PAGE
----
More extensions: Bailiwick and Noble Fool

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“Show Us Your Love” extended through the end of March

Bailiwick Chicago’s cabaret hit has been extended through the end of this month – Sunday, March 28th, to be exact.  You can catch Show Us Your Love, at Mary’s Attic, every Sunday evening at 7:30pm.  For tickets and more information, go to www.BailiwickChicago.com


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Noble Fool Theatricals has extended their popular family comedy Over the Tavern through April 3rd (our review  ★★½).  Directed by John Gawlik at the Pheasant Run Resort Mainstage Theater (4051 E. Main, St. Charles) Over The Tavern was originally scheduled to close on March 28, 2010, but now has added two additional performances  – April 2nd and 3rd.  For tickets or more information, visit www.noblefool.org or call the box-office at 630-584-6342.

The cast for Over the Tavern includes Alex Adams, Scott Cummins, Gabriel
Harder, Renee Matthews, Stacy Stoltz, Katrina Syrris and Dan Velisek.

REVIEW: Lower Debt (Livewire Chicago Theatre)

Down in the dumps..

Lower Debt_photo by Sebastian Aguirre_7

Livewire Chicago presents:

Lower Debt

 

written by Joshua Aaron Weinstein
directed by
Rebekah Scallet
at the Viaduct Theatre, 3111 N. Western Ave.
through April 4th
(more info)

by Keith Ecker 

As has been pointed out by many smarter than me, it is worse to be the recipient of apathy than the target of hatred. That said, I don’t hate LiveWire Chicago Theatre’s  world premier production of Lower Debt. No, instead I just couldn’t care less about it, Lower Debt_photo by Sebastian Aguirre_5and it appeared that neither did anyone in the play. And this is supposed to be an “Everyman” tale?

The play’s got a solid synopsis. I’ll give it that. It’s set in the beginning of the 21st century, resembling a time that is as economically uncertain as present day but personal suffering is considerably worse, where a house is a tent tucked away in an abandoned building. CW (Brian P. Cicirello) is a copywriter at an ad firm. As we learn through video flashbacks, CW is laid off and left to simultaneously sell a screenplay and beg for change on the street, which we see in a scene where CW rambles to himself about pennies and dimes. The clip is so pregnant with self-importance I found myself rolling my eyes at the screen.

Eventually CW appears on stage in the tent town that nomadic bums Claude (Malcolm Callan), his wife Val (Melissa diLeonardo) and her sister Wendell (Annie Rix) have established. Claude is a bossy, hot-headed man who is protective of his property. He’s not hesitant to hit or push CW, which he does frequently. Meanwhile, Wendell takes a liking to CW, a feeling that is reciprocated. We know this because CW tells Wendell in hushed whispers that she doesn’t have to stay in Claude’s compound. It is a cliché love.

The tent town is also inhabited by a pill-pushing self-described pharmacist named Ames (Tamara Anderson), a kind-hearted cab driver named Rash (Josh Johnson), his dying lover Leah (Miriam Reuter) and a bum (Noah Lepawsky) whose periodic slips into existential ponderings are about as deep as Jack Handy’s “Deep Thoughts”.

Nothing much really happens throughout the play. A lot of people look angry at one another and walk from tent to tent. Alcohol is drunk. People occasionally leave the compound and then come back. Near the end of the play, there’s a twist, one that will jerk you awake because it involves a gun. But don’t get too excited. It’s laughably convoluted.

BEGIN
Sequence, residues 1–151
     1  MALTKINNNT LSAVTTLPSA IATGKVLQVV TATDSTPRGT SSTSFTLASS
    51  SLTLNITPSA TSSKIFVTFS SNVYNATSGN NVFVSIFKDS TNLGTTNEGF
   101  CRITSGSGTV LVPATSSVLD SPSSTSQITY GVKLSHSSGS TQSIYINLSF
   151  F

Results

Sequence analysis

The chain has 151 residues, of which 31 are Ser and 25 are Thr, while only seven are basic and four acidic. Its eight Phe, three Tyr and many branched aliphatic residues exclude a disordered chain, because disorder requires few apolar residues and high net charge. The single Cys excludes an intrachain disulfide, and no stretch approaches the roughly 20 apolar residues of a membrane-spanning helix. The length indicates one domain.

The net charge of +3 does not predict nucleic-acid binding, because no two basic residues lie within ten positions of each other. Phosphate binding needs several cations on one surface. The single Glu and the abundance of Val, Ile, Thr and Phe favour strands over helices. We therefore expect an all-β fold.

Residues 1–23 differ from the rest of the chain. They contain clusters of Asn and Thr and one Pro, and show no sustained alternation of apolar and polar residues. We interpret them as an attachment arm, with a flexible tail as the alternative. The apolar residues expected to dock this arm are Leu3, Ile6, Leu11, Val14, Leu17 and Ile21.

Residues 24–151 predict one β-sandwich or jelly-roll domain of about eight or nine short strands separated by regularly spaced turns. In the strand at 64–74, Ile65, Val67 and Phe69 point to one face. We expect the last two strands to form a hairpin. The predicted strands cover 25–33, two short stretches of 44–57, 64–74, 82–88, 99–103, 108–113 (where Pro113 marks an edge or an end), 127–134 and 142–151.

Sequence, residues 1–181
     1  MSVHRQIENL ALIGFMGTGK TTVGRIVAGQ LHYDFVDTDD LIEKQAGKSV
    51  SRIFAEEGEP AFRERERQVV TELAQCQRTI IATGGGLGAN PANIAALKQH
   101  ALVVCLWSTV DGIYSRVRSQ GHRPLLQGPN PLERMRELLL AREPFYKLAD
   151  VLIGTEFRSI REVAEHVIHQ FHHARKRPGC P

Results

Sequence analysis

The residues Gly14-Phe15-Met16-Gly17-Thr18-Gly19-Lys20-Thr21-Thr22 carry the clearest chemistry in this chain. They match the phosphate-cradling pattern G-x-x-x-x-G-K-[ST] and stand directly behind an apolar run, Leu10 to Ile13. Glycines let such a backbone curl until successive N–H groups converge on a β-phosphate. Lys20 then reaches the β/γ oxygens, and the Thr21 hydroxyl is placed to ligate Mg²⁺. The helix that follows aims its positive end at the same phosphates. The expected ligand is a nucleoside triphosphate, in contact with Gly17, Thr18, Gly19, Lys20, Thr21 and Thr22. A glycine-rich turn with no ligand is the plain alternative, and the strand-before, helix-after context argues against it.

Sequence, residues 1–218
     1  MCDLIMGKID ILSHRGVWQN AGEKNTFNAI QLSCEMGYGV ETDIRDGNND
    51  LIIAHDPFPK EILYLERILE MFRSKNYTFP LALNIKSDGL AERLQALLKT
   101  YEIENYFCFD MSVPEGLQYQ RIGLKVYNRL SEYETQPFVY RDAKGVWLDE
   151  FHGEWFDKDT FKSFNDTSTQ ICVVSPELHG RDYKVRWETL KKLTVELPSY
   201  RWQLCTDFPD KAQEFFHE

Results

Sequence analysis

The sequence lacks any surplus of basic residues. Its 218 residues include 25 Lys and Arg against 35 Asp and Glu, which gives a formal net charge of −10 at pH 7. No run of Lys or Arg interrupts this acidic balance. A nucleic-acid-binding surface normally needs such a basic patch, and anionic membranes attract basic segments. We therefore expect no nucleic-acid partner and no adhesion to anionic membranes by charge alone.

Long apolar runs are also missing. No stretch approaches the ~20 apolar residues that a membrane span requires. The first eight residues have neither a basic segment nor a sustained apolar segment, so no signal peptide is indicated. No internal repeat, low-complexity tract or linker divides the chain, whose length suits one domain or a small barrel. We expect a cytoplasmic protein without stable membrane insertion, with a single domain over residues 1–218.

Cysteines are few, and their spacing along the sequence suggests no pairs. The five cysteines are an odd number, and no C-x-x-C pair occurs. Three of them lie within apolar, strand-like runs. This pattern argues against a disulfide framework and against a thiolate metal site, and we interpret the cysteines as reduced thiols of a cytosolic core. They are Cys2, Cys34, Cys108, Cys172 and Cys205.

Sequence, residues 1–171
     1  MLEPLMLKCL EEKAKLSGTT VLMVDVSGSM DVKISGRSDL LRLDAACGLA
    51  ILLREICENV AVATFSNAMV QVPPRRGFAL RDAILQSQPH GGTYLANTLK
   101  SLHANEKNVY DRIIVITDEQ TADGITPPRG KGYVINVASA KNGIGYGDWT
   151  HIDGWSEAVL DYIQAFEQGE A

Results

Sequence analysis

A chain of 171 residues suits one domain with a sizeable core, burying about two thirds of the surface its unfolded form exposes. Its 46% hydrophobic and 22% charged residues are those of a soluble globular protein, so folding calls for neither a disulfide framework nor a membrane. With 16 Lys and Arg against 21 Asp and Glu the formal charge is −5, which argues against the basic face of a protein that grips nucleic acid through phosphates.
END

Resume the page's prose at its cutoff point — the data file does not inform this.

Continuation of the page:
There’s little to no characterization. We as the audience don’t get to know any of these people. When some die, we just kind of shrug it off. Sure, there’s plenty of exposition about what life used to be like and who we all used to be before things went to hell. But it’s all talk and no action.

Lower Debt_photo by Sebastian Aguirre_2 Lower Debt_LiveWire_1
Lower Debt_photo by Sebastian Aguirre_6 Lower Debt_photo by Sebastian Aguirre_3

Speaking of talk, the dialogue in Lower Debt is atrocious. It plays like a transcribed conversation between high school stoners. The playwright, Joshua Aaron Weinstein (aka LiveWire’s Executive Director), obviously wants to tackle some big-picture concepts, but needs to learn to do it with more finesse. You can discuss life, death, society and materialism in a play, but you have to find some way to interweave it into interesting characters and plot. Otherwise it just sits there for everyone to stare at like a pet stain.

With no characterization and clunky speech, it is difficult to place much blame on the actors for their lackluster performances. They aren’t bad – just flat. Glenn Proud stands out the most as Claude’s cop brother, Damon, probably because he’s one of the only characters who doesn’t talk like a freshman philosophy major.

The use of video, which is completely dropped in the second half of the play, serves little purpose. The clips provide flashback about CW, but a clever director could just as easily stage these scenes with much greater effect. Also, the audio on the video is too low. Though sitting in the front row, I still had a very difficult time hearing. Hopefully this is just a technical sound issue with an easy fix.

Lower Debt is meant to be a commentary on contemporary times, exploring themes of community, ownership, loss and hope. But without interesting characters or a solid story to ground these lofty topics, the picture gets fuzzy and the audience’s attention spans and patience are tested.

 

Rating:

 

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